This dehumanization process continued in later wars, such as during the Vietnam war, with both the Viet Cong and the NVA being targeted. Both groups were perceived as cowards, hit and run fighters more akin to murderers then proper soldiers. Both groups engaged in the mutilation and torture of allied forces, and hide amongst civilian populations. All of these groups “lived down” to their dehumanization propaganda reputations and cementing the view point that they were “less then human”.

So far in this discussion of the process and function of dehumanization we haven’t really touched on the focus of what dehumanization is aimed at, allowing a functioning normal human being to kill easily and with minimal moral difficulty. Killing other humans is not something that comes naturally to people. Even for men and women raised around firearms who have been hunting for years the skill to successfully kill someone is there but the heart and intent are for the most part not.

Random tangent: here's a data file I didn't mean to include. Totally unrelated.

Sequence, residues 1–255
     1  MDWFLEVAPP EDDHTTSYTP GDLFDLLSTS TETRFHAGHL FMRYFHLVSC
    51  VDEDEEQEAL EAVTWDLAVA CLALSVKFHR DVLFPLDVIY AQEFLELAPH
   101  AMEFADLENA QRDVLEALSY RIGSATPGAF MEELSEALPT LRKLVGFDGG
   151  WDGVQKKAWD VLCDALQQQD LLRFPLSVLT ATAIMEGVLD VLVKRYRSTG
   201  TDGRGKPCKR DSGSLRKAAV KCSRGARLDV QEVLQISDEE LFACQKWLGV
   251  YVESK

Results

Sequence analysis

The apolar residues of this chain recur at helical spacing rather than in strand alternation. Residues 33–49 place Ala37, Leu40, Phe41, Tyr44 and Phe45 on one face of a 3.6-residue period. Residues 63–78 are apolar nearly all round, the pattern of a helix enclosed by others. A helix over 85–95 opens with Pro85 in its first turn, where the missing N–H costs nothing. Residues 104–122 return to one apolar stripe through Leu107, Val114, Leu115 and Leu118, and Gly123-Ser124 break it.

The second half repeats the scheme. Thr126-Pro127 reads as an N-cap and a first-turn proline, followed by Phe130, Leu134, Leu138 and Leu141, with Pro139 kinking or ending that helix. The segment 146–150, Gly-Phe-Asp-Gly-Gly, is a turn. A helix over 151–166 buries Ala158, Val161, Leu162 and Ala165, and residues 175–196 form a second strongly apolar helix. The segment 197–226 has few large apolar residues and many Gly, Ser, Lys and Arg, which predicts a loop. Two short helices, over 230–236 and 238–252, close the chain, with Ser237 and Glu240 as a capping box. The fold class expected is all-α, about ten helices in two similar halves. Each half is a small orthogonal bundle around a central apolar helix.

Consider the average person who can take a human life in modern American society, there are people who have dehumanized through conditioning to be able to kill such as a gang member who grew up in that environment and lifestyle where killing was normalized and even encouraged. A soldier or a police officer who has been conditioned to be able to shoot and kill also falls in this category albeit through a very different process. Removing that type of individual we have crimes of rage and passion, these are very dissimilar from the soldier’s task or the conditioned criminal, with a crime of passion it’s all on chemicals, many people don’t actually go forth with the thought of killing someone according to the interviews after the fact.